You may become intoxicated by the one-syllable word itself; by the strange scent of blood, which is both metallic and animal. You may want to feel the heaviness of a weapon strapped across your back in the heat of the sun. You may want to run and growl and scream and pounce and jump and crawl and tear apart. You may want to give in, to dive in headfirst just to finally know what it feels like, to know what you would be like without civilization. Who would you be then? The question haunts.
And so you may find that now you are making war. You may think yourself a fighter, and find the label suits you well. Surely, you will kill. Then, hardened by the vision of yourself as a victor, high on the ultimate act of human godliness, you will kill again.
I cannot save you from this. Perhaps there are temptations one cannot eschew. Perhaps we all have exactly one hallucination we are bound to succumb to.
What will save you, I think, is remembering that the rift between you and the others is not real. They are you. They were children; so were you. They walk the world trapped in their pathetic bodies, just as you do. They are creatures of doubt: just like you?
Please do not become like the children I once knew, who sat next to you in class and who now roam the streets armed to their teeth. They still cannot believe class is out. Listen to me. War is not excitement, it is not the first day of vacation, not the end of rules. Here is what it is: it is the end of life. A great nothing follows.”
Who will feed his cat now
There is no upstairs neighbor, William thought, climbing up the stairs, letter in hand. The constant shuffling of chairs and tables (the man had liked to entertain), the dropping of heavy objects at unruly hours (the man had been clumsy), the open windows and riffs of guitar (the man had liked Queen) had all vanished long ago. Now William struggled to conjure the image of the man in his early thirties who had, until recently, occupied the apartment above theirs, remembering only that his face had been kind. William thought of how he had never been able to picture the people he had once known and who had since left, carrying on with their lives somewhere he could not see them. Was he ever really there, William concluded out loud, for no one in particular.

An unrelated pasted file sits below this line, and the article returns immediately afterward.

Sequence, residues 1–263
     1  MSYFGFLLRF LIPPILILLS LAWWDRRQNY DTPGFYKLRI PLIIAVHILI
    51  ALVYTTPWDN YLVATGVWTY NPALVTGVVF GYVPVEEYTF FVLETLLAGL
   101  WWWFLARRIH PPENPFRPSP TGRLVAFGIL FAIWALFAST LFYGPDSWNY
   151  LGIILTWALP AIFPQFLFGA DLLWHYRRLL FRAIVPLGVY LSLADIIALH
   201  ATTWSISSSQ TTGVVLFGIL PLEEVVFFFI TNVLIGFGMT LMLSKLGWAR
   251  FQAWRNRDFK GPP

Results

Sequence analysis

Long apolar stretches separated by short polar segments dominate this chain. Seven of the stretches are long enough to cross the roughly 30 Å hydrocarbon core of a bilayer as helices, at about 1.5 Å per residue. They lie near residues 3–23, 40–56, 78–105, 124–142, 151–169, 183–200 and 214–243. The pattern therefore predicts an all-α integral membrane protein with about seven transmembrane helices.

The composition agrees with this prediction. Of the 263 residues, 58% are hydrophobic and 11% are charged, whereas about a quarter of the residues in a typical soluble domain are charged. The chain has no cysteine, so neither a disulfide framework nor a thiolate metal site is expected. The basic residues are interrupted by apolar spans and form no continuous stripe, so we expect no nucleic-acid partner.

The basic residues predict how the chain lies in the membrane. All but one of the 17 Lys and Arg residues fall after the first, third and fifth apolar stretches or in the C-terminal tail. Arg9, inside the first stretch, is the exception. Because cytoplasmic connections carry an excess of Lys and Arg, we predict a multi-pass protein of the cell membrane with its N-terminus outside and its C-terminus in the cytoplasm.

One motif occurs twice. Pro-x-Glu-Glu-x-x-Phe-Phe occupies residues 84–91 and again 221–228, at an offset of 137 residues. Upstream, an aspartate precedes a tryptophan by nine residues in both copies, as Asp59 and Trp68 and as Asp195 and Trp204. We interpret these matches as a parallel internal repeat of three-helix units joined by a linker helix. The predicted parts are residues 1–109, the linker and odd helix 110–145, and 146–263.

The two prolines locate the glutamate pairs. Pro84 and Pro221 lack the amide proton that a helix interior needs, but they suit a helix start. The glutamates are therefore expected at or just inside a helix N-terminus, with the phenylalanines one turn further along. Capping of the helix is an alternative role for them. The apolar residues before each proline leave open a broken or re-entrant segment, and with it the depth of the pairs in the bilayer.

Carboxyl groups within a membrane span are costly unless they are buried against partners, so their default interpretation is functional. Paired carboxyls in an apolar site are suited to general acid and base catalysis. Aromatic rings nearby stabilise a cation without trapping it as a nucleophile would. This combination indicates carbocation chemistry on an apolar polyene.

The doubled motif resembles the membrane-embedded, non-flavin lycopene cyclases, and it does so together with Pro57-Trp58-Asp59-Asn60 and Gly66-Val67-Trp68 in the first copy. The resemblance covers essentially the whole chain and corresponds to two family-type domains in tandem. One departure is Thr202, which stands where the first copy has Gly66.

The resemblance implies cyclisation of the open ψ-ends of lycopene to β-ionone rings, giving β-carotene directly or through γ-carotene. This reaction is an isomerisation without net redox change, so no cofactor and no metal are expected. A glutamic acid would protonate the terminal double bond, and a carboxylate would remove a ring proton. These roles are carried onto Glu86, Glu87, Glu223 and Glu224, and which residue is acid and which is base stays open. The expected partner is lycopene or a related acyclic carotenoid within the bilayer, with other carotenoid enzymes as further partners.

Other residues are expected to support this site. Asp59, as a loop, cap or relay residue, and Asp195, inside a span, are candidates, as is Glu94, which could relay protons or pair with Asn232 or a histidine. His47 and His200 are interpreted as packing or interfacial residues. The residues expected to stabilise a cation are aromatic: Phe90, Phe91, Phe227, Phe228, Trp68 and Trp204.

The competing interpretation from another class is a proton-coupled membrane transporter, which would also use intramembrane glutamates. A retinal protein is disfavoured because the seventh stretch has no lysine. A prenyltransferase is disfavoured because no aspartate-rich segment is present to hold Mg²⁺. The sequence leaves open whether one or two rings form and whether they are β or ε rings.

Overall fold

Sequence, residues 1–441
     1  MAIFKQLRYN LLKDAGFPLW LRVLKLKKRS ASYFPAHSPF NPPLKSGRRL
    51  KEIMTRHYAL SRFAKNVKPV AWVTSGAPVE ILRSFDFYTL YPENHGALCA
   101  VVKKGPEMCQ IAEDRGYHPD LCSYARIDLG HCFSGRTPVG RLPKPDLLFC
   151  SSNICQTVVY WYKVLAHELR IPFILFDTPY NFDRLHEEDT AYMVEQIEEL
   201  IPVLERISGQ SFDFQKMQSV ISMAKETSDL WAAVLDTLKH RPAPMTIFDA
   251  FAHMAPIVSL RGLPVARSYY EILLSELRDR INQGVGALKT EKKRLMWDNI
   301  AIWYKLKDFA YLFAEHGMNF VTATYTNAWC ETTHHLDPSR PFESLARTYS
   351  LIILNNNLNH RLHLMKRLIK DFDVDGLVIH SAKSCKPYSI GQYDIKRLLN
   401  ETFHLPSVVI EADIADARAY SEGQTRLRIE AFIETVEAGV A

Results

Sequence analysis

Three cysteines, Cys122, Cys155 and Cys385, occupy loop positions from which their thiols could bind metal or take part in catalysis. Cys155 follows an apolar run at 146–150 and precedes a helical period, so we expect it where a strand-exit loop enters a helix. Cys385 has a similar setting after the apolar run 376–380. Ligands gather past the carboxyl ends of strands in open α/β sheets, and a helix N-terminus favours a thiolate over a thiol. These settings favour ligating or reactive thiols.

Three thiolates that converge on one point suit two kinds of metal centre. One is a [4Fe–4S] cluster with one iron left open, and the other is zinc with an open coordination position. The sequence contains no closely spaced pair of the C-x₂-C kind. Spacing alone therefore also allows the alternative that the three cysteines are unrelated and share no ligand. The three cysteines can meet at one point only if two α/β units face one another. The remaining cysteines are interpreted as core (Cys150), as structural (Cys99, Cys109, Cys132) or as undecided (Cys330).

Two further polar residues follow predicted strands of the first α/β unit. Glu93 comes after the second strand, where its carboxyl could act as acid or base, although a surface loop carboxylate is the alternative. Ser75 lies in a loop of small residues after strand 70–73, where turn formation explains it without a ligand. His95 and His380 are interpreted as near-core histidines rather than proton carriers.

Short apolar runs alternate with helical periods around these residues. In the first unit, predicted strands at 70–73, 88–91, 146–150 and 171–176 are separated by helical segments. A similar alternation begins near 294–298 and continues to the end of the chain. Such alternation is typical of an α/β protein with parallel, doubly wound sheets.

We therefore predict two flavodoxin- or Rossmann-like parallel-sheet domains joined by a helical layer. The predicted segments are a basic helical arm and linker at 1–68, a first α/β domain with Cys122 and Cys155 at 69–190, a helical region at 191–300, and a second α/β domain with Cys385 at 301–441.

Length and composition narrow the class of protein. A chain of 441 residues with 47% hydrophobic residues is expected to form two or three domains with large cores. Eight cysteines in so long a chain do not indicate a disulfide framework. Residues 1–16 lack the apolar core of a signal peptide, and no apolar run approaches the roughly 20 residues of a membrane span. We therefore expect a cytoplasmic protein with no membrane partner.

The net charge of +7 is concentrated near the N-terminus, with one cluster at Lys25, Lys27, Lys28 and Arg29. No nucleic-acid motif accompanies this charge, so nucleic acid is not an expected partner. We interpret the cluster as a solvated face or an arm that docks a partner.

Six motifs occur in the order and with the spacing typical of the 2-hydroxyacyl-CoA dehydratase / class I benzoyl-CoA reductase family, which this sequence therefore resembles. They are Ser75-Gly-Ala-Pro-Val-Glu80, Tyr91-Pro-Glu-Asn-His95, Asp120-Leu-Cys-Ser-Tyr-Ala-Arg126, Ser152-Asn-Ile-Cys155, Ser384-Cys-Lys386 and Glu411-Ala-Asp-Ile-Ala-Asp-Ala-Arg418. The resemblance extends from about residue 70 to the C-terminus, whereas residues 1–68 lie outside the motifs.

The letter was unsigned, and William consigned it to the left-side drawer of the console, which he had decreed his on the twentieth night of his father’s disappearance. He had knocked the desk into a few corners on his way from the study to his room, had held on to its Damascene marquetry so hard his fingers yellowed.
William wondered who would be the first person to find the letter in the drawer after he was gone, and where the upstairs neighbor would find himself by then. In a ditch, turned to dust? No longer anything recognizable or human, reduced to an afterthought? Alive and well beyond the border, safe in some unnamed country? Or hiding away in a house like this one, higher up, above the clouds in the cedar-covered mounts, where trouble could not reach?
The calmest color on the spectrum
In the evening, William descended from the mountain to salvage what could still be.
He set the GPS to his father’s office in the east of the city, where he hoped to find, if not hints as to the old man’s whereabouts, evidence that he had been a tangible presence in the world. William pictured himself burying his face in a scarf or perhaps a sweater his father would have left behind, strewn carelessly across the back of his desk chair. The fabric would smell like his voice.
Yet here is what William saw in between the moment the gates of the compound parted in the late afternoon, and the moment he parked, short of breath, in the cramped, decrepit street where his father’s office tower sat wedged between a bakery that sold thyme manakich and a nail salon, looking through the windshield directly at nothing:
Plumes of skinny, black smoke from the burning of tires somewhere in the western half of the city; tornadoes rising from an ashtray, deadly against the dark blue skies.
A group of bystanders circling a disheveled woman in sweatpants and a cable-knit sweater, going at a storefront window with a garden chair, emboldened by the crowd’s cries of encouragement.
In a gutter, a discarded t-shirt with a dark blood stain; nearby, an abandoned shoe.
Two children playing with mock guns, running after each other, shouting “pow, pow!”
Two armed men standing guard beside the doors to his father’s office building; across the off-white doors, in dripping letters of green paint: traitors.
And the sea, of course, which was not lost, and which would always be right there, right behind everything.